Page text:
Earlier this week, veteran music journalist Mick Wall released his latest critically acclaimed biography Last Of The Giants: The True Story Of Guns N’ Roses on Lesser Gods. Using interviews he personally conducted with members of the band, as well as archival material, Wall has assembled the most detailed portrait yet of the band that rose from the grit and grim of the Sunset Strip in Los Angeles and brought the world to its sha-na-na-na-knees. To celebrate the 30th anniversary of Guns’ magnum opus Appetite For Destruction, Uproxx is publishing an excerpt from Wall’s book that offers an inside account of how that genre-defining album came together. Read it below.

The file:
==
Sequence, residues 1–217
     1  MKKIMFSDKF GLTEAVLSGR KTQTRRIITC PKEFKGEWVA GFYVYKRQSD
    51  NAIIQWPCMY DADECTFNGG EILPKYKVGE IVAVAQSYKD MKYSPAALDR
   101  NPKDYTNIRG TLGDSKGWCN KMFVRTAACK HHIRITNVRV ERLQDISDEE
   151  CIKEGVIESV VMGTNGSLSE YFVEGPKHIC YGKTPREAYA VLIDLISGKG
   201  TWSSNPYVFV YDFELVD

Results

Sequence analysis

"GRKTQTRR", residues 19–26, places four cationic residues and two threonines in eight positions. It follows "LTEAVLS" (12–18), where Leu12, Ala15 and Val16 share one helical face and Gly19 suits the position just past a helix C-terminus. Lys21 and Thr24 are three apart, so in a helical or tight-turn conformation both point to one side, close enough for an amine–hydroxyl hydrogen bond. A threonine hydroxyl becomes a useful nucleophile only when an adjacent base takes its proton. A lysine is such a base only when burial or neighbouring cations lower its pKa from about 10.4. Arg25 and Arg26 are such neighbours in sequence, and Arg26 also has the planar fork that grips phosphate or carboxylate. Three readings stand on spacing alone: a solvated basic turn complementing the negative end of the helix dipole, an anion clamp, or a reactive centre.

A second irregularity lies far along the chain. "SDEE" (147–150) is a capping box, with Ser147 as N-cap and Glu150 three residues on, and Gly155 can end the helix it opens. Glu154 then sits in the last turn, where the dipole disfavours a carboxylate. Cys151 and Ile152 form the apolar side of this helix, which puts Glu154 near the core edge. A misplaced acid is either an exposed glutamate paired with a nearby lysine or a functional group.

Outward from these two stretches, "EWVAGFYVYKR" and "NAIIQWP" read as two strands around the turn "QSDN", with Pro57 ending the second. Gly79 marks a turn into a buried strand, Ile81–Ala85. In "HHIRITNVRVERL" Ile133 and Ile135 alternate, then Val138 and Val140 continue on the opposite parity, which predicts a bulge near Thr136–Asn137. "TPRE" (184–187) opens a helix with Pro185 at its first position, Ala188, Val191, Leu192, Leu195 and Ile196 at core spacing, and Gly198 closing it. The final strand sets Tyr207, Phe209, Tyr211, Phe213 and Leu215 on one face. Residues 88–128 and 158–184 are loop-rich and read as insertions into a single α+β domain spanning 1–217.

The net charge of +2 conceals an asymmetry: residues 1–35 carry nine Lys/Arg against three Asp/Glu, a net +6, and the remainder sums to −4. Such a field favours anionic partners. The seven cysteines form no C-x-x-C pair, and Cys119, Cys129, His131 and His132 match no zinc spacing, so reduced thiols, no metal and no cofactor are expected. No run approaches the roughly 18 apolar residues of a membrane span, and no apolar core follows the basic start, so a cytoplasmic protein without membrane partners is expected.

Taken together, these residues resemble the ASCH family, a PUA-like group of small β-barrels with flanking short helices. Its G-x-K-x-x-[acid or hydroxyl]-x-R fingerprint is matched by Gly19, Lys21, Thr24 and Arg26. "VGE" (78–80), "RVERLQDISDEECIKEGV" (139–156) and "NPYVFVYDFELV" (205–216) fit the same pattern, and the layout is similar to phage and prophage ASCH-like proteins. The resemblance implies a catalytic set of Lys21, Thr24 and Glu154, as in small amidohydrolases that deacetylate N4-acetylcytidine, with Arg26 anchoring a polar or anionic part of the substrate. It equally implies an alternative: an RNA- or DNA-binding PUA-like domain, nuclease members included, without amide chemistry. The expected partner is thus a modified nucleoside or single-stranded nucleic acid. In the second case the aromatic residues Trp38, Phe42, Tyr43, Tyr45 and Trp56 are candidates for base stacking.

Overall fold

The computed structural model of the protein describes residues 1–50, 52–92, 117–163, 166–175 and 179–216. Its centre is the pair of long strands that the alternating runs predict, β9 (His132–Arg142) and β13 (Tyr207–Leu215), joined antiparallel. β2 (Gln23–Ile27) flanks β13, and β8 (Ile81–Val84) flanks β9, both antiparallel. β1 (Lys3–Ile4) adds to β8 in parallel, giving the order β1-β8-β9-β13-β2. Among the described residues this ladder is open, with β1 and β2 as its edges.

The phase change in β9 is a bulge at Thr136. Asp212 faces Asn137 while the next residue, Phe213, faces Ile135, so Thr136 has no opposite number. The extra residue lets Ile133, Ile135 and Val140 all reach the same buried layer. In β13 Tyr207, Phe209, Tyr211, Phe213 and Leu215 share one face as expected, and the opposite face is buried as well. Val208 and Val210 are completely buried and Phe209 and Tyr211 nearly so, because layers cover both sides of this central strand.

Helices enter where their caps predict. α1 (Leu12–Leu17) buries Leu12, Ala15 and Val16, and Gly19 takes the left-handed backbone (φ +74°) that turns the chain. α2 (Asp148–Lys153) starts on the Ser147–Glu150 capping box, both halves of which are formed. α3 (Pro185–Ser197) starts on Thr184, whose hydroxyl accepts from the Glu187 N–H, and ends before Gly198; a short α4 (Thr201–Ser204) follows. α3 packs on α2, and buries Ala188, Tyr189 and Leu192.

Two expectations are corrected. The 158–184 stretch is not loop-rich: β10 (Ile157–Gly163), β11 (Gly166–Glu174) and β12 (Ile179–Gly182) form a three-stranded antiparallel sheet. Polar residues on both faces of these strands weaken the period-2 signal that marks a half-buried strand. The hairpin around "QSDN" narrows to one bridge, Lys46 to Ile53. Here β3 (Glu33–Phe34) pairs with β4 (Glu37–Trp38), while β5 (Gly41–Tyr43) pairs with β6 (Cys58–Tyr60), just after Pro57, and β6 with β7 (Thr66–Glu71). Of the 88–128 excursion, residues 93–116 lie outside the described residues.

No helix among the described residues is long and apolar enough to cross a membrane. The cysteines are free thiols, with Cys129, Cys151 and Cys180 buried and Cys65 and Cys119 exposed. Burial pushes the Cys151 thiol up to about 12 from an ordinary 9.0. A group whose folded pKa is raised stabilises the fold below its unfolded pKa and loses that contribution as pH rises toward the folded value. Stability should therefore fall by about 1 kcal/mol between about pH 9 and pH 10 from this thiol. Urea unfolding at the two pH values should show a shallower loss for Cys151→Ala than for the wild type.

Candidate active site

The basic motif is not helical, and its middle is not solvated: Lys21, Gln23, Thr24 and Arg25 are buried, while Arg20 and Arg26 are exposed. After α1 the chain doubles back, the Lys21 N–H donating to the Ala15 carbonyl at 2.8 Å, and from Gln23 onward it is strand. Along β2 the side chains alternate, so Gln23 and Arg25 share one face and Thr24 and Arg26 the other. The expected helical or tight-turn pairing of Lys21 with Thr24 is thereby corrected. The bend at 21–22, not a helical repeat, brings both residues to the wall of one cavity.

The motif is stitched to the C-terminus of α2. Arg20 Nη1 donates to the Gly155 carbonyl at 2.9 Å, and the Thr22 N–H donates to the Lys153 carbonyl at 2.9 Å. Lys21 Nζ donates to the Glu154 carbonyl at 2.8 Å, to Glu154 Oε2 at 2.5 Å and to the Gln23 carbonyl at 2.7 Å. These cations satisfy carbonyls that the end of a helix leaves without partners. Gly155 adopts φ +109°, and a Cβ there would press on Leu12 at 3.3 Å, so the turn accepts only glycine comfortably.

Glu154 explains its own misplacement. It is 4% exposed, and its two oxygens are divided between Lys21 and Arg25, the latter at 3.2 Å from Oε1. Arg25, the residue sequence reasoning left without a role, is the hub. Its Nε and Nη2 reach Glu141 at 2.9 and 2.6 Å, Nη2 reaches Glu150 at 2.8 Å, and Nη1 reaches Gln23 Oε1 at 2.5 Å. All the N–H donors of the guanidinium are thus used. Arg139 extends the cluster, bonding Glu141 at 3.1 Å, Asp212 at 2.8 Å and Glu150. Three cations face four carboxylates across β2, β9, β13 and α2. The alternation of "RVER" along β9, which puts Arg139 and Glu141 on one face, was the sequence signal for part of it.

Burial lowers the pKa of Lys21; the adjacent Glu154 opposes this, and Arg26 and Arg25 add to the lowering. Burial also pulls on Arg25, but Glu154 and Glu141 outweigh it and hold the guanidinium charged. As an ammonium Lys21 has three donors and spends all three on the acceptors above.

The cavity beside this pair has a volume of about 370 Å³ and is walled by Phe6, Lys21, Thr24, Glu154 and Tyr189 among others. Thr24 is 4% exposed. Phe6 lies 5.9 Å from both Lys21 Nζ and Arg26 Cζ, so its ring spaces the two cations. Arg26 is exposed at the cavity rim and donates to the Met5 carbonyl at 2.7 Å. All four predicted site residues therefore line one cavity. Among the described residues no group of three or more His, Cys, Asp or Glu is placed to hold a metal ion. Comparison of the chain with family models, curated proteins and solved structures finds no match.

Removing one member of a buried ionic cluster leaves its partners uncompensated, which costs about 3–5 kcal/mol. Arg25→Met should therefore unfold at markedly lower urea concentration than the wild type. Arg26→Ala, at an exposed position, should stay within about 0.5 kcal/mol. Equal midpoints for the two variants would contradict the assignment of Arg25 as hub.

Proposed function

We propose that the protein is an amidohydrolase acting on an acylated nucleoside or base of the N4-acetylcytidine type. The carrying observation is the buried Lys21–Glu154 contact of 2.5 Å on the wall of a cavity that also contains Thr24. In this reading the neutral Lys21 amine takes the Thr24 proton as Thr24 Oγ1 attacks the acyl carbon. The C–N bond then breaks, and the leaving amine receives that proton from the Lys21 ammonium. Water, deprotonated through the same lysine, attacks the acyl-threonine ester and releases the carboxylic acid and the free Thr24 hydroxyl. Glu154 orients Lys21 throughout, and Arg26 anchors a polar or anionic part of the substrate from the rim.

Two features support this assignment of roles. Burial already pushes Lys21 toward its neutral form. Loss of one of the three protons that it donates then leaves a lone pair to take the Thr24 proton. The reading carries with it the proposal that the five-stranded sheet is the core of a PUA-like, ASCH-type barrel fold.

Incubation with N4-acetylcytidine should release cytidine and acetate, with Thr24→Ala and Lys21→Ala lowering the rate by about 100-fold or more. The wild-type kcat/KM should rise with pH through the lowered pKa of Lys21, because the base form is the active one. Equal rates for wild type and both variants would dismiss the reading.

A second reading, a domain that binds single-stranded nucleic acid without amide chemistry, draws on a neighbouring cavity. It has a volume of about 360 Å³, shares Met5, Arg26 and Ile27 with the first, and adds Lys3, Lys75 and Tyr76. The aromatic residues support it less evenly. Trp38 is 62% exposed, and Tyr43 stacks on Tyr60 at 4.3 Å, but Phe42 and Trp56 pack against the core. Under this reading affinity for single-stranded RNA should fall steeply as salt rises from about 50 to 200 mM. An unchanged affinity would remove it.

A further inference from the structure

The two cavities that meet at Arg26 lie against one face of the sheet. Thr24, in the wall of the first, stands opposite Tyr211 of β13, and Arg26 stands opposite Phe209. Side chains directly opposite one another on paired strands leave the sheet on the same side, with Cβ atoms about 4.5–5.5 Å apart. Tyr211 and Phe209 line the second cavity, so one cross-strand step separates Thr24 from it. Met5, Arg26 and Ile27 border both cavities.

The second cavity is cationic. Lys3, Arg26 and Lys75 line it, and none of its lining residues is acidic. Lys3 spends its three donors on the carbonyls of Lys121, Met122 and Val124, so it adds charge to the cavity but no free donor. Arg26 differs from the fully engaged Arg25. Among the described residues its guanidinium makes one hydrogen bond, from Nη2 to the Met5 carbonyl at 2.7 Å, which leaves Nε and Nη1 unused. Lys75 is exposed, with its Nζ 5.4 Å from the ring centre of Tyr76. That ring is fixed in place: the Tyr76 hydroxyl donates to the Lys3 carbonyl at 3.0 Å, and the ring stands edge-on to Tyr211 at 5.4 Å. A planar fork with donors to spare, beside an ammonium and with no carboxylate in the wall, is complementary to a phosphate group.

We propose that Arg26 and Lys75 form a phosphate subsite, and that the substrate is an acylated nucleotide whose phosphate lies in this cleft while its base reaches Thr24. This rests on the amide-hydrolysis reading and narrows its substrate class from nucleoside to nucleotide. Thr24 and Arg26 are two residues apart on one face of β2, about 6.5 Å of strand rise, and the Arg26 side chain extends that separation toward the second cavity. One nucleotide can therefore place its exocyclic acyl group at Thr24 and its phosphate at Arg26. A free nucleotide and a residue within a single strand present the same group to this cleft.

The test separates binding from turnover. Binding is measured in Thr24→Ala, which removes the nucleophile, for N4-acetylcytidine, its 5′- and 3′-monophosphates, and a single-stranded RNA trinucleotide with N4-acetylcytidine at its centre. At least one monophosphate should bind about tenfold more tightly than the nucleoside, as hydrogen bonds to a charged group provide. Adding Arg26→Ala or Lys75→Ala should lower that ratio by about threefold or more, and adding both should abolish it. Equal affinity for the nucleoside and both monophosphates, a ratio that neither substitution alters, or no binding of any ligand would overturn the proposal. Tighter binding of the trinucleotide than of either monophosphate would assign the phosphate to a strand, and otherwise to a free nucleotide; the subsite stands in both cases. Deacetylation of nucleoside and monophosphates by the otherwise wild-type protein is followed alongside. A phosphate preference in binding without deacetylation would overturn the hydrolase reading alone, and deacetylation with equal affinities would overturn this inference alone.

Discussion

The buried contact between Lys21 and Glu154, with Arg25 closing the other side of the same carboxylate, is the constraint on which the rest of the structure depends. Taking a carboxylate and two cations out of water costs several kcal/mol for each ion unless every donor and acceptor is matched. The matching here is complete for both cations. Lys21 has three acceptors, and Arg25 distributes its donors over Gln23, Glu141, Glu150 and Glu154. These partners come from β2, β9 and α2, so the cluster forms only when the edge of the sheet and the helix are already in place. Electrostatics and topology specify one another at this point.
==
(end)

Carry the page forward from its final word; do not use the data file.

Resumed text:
The first key move Alan Niven made as the new manager of Guns N’ Roses was finding them a producer who would get the best out of them in the studio: An engineer-turned-producer from Baltimore named Mike Clink. Clink took the band to Rumbo Recorders, an environment in which Zutaut hoped and prayed they could only do limited damage. It was located in Canoga Park, north-west of Hollywood in the Valley, and shared a parking lot with the Winnetka Animal Clinic.
“I put them in an apartment when we were making the record,” Clink recalled, “And they destroyed it. One night they locked themselves out, so they put a boulder through a window. They thought it would look like somebody had robbed the place. When they finally got kicked out, there wasn’t one thing left intact. It looked like somebody was remodeling and had knocked down the walls.” Or as Slash later told me: “We partied really hard, but when we were in the studio, we were pretty much together. There was no doping and all that stuff.”